While most of me enjoys keeping on a schedule, there are days when the daily routine feels like it’s draining the vitality from my weary body. After too many of these days, we pick a day to completely mix things up. We head to visit a friend out of town for the morning, spend a day with my parents, or drive north to Lake Erie for a day. I make sure there’s an appropriate place for a nap (the carseat works) at the appropriate time, and we enjoy a change in schedule.

Remember This Is a Season
When our first child came home from the hospital, I thought I’d never brush my teeth or remove my contacts without a baby in my arms again in my life. It seemed that the intensity of the newborn stage would last forever, and it never crossed my mind that completing daily tasks would actually get easier in time. Our daughter is now approaching her seventh birthday, and the few months of carrying her everywhere are long gone. This season of parenting little ones will go fast. We honor the season when we don’t wish it away and keep it in perspective. This is just a short stretch of our long lives.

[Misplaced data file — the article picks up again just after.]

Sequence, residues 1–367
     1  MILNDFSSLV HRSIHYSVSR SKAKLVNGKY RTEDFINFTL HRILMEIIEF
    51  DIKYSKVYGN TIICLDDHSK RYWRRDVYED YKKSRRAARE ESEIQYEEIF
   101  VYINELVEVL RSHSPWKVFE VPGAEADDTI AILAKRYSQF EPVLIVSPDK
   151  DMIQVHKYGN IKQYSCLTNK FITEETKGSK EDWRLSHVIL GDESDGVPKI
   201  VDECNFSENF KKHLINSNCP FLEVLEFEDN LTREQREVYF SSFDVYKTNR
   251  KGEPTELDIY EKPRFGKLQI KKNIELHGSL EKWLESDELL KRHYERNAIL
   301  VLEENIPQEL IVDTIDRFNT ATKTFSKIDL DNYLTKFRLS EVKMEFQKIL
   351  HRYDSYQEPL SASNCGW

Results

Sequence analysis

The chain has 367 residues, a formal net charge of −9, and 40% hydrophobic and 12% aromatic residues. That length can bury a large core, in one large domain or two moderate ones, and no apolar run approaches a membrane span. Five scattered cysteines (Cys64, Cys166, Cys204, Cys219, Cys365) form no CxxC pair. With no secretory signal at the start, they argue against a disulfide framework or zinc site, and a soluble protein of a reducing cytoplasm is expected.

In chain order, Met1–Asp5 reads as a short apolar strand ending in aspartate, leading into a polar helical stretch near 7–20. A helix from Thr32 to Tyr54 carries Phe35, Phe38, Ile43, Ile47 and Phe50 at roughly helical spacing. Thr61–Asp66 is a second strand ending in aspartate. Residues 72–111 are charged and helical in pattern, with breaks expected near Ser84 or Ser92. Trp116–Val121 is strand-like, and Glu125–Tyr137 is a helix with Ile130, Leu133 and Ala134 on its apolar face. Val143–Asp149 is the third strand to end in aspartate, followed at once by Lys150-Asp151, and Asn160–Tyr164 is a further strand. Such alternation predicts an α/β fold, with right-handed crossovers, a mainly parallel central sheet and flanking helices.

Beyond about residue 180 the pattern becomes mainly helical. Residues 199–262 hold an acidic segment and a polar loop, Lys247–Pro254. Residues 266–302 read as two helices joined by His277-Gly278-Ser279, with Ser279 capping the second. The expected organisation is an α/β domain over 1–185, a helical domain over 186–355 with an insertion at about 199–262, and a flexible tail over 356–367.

Find a Community
I used to think that since I was a young mom, I needed to join a mom’s group. I tried several, but none of them were a great fit. Finally, I decided to embrace the community I already had. I was intentional to invite my friends for coffee regularly. I started hosting book clubs and study groups in my home. We had potlucks with neighbors, and I joined online blogging communities. Whether it’s a group of moms, a group of friends, or even an online community, we all need a place to share life with others. Stepping into community is nothing short of revitalizing.